San Francisco Chronicle, March 30:

"California doesn't get a chance very much to play in presidential politics, but you will in this presidential primary. So I'm asking all of you to do whatever you can to help.... Conservatives all across this country have not given up the fight," he told the audience the Chron reported.

There are 172 delegates at stake in California. But, the winner doesn't get them all. California's delegates go to whoever wins the 53 districts (three delegates per district). For the remaining 13 delegates, 10 go to the candidate with the most cumulative votes and the last three go to the party leaders and remain unpledged.

Not getting out, and hanging out in Alamo

Santorum hammered home in Fairfield that he had no intention of getting out of the race, a sentiment he carried over to his Alamo fundraiser, attendees said.

According to attendees, Santorum kicked off the fundraiser with a prayer. He touched on subjects such as Syria and Iran, defense, and family values.

"He's a very inspirational republican," attendee Roger Canfield said. "He believes what he says and he says what he believes. He has real conviction. He's worked very hard and is a good contrast with (President Barack) Obama."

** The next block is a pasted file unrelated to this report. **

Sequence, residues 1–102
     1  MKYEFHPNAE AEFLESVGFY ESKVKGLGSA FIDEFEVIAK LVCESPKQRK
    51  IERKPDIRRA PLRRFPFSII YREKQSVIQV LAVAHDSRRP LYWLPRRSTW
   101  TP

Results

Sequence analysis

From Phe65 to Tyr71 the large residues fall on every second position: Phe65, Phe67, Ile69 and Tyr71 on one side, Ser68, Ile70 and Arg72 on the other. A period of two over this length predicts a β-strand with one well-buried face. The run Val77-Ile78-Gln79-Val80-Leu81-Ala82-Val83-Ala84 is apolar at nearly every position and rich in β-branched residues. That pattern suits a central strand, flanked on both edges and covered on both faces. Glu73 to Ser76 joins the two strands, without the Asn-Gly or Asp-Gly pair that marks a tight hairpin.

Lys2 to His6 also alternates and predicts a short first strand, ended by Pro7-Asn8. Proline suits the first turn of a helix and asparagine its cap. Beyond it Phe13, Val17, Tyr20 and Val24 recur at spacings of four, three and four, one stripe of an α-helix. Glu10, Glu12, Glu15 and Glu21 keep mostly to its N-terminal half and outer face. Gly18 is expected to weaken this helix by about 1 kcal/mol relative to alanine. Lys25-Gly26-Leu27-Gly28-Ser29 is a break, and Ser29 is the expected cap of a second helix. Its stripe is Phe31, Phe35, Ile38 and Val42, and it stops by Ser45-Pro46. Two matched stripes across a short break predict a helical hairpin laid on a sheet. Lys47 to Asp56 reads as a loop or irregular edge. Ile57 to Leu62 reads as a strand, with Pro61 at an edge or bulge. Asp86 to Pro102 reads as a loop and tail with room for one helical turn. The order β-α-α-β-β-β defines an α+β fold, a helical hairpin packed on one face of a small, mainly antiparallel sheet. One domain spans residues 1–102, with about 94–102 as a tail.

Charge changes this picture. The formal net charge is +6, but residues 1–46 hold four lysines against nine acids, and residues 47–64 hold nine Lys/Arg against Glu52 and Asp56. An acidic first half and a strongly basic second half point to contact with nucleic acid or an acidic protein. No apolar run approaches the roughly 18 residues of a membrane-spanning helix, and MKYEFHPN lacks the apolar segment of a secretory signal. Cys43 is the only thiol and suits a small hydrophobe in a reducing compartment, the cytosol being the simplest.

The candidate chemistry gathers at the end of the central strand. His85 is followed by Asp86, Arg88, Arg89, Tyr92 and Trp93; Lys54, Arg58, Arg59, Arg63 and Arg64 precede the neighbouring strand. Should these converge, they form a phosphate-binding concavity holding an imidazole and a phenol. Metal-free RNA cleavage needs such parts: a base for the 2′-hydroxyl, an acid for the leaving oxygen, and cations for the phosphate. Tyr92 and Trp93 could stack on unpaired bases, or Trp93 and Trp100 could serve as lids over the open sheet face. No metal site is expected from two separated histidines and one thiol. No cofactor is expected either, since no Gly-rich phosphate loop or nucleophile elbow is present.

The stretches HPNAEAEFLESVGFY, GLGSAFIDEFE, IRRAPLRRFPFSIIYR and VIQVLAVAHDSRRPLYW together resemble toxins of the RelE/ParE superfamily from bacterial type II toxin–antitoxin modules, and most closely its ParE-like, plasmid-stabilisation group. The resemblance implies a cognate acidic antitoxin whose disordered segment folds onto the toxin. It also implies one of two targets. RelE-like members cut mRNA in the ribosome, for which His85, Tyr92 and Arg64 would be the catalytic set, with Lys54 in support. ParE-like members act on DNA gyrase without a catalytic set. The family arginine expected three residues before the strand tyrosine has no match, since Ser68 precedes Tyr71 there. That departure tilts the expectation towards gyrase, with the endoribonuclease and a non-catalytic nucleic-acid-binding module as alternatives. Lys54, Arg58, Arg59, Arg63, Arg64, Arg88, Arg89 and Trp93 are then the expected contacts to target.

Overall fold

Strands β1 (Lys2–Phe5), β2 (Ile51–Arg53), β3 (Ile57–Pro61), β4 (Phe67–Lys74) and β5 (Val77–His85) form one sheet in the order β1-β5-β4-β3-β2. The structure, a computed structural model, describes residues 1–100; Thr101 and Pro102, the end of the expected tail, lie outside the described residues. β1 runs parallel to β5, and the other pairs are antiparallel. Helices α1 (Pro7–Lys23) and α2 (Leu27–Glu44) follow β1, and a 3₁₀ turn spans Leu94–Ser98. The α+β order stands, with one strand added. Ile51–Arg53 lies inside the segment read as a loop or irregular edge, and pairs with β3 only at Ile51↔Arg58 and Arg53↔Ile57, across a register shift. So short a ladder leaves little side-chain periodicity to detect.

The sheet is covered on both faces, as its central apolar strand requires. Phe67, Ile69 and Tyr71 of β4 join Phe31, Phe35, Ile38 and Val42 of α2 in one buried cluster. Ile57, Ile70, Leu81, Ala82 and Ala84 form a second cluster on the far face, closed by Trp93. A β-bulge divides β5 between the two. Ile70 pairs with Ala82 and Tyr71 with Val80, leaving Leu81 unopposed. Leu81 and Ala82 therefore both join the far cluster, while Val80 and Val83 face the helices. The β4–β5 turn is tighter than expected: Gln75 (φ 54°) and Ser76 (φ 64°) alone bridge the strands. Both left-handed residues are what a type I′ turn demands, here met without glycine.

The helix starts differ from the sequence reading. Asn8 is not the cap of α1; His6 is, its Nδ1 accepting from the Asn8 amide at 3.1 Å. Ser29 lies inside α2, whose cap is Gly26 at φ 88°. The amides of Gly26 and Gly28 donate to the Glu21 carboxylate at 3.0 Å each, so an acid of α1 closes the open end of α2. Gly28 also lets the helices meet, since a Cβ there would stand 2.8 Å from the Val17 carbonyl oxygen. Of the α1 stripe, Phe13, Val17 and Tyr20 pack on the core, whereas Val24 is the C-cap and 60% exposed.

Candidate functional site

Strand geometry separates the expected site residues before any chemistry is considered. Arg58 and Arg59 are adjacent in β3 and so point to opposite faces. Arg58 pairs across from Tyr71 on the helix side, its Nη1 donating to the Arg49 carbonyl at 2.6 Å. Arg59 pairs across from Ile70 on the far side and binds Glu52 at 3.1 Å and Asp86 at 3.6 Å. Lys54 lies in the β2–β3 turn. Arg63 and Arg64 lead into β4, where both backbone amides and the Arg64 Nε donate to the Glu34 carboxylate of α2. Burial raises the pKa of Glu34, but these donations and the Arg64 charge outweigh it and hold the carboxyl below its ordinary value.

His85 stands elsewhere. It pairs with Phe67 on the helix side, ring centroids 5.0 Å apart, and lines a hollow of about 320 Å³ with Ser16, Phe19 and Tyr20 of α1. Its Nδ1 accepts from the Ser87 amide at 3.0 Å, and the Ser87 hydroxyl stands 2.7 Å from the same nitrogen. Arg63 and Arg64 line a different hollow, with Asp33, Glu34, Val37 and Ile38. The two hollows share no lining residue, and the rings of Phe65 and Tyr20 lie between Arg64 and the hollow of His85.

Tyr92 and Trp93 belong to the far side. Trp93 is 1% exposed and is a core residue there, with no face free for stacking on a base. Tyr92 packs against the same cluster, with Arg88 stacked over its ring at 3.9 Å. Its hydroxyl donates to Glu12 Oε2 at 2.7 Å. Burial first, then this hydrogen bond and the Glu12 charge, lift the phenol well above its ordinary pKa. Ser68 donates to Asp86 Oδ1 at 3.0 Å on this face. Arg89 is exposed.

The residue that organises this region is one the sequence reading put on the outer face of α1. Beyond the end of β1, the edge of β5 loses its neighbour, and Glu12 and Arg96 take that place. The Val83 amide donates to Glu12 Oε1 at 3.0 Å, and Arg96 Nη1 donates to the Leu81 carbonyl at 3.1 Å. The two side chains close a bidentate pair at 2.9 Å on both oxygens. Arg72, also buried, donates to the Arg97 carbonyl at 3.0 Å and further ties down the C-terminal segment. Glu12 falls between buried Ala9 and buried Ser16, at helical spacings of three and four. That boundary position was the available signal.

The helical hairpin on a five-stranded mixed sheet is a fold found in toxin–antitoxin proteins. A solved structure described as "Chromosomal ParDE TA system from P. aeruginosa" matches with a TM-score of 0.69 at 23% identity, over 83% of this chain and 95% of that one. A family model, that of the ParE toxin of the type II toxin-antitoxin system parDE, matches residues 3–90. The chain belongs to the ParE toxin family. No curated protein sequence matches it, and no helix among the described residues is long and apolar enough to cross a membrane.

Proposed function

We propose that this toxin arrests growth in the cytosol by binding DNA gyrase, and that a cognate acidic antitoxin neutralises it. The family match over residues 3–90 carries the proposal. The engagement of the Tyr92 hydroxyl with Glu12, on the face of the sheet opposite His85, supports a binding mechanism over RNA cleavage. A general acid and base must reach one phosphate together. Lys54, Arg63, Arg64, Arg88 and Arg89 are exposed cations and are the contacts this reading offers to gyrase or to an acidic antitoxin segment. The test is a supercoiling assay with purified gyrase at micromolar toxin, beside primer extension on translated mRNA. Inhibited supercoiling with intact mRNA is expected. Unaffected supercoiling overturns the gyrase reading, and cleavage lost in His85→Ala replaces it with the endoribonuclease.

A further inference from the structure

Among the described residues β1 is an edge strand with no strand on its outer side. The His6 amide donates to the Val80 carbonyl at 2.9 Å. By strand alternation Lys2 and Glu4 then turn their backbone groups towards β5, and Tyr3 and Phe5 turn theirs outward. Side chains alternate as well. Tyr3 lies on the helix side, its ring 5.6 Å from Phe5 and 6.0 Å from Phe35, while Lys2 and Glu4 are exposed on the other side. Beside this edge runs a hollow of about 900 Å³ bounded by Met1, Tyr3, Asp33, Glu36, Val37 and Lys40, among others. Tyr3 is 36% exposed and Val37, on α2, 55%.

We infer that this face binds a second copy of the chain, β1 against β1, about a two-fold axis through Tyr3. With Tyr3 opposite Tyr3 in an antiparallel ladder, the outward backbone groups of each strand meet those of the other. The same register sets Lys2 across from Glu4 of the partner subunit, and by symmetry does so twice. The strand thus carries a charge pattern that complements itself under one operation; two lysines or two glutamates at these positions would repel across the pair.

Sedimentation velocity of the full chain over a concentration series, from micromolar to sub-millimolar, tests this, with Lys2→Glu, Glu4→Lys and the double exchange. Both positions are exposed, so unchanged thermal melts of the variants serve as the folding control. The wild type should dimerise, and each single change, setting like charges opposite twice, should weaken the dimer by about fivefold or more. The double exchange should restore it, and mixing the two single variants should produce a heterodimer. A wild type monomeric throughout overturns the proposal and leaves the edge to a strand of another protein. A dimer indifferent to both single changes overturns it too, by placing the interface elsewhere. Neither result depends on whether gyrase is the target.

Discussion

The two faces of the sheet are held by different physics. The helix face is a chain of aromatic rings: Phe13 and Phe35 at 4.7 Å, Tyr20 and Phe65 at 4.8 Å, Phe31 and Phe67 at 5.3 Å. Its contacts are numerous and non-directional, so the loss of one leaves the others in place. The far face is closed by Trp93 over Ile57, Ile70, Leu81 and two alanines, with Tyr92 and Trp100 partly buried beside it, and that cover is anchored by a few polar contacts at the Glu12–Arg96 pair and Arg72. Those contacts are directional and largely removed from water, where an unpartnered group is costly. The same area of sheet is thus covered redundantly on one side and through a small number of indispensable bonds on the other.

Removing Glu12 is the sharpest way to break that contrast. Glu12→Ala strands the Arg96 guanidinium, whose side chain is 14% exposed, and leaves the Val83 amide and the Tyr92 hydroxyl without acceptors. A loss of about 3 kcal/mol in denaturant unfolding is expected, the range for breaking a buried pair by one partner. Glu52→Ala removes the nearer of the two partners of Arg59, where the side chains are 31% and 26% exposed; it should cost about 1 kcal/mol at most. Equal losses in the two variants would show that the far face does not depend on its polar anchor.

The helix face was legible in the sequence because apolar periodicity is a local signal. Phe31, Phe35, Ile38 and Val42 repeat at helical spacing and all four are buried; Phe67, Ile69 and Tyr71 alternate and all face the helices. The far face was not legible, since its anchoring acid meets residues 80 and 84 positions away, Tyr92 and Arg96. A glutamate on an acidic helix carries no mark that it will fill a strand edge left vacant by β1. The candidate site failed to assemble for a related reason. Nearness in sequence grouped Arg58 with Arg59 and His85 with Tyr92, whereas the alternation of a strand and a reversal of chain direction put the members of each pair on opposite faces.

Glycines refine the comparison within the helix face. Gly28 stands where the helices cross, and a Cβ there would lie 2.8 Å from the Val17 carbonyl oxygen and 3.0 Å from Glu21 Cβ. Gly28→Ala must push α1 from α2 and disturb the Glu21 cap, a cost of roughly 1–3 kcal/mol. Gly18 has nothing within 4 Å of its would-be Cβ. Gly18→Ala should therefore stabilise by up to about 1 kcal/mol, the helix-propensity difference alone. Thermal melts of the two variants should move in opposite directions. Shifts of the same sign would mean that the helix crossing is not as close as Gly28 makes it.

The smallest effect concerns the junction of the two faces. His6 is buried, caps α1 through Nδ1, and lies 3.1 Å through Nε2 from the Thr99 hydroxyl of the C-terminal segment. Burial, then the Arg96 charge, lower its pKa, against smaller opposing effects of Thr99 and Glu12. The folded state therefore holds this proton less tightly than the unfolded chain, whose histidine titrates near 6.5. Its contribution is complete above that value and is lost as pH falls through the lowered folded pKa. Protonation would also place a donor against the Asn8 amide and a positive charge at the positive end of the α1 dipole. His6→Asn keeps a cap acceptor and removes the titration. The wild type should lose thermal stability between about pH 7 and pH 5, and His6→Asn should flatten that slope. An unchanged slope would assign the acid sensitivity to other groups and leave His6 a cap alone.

A lifelong conservative, Canfield said he spent 20 years working in the state capitol. He attended the rally in Fairfield, making the trek from Sacramento.

Social and moral are Santorum's bread and butter

Nearly all of the attendees we spoke with were drawn to Santorum because of his strong stance on socially conservative issues.

"I'm not sure who I'm going to vote for yet. All of the candidates have something I like," said Mary Jo Bedayn, one of the hosts of the event. "I'd like a composite of all four candidates. But what draws me to Santorum are his social and moral values."

Hervey puts it more bluntly.

"Santorum doesn't shy away from these social issues," he said. "He has no problem saying women should not have on demand abortion. Gays should not serve openly in the military. Illegal immigrants should not be working in the United States. He's a true conservative."

"He's the whole package," Canfield added. "He's strong on a wide range of issues. Especially social issues. He's a winning package."

If he's the winning package for republicans and conservatives, why is he not in the lead?

"Republicans are not conservative anymore," Hervey said. "Romney is a moderate, and the party is run by Rhinos. There is no place for Santorum in the Republican Party. ... True conservatives are not valued in the Republican Party."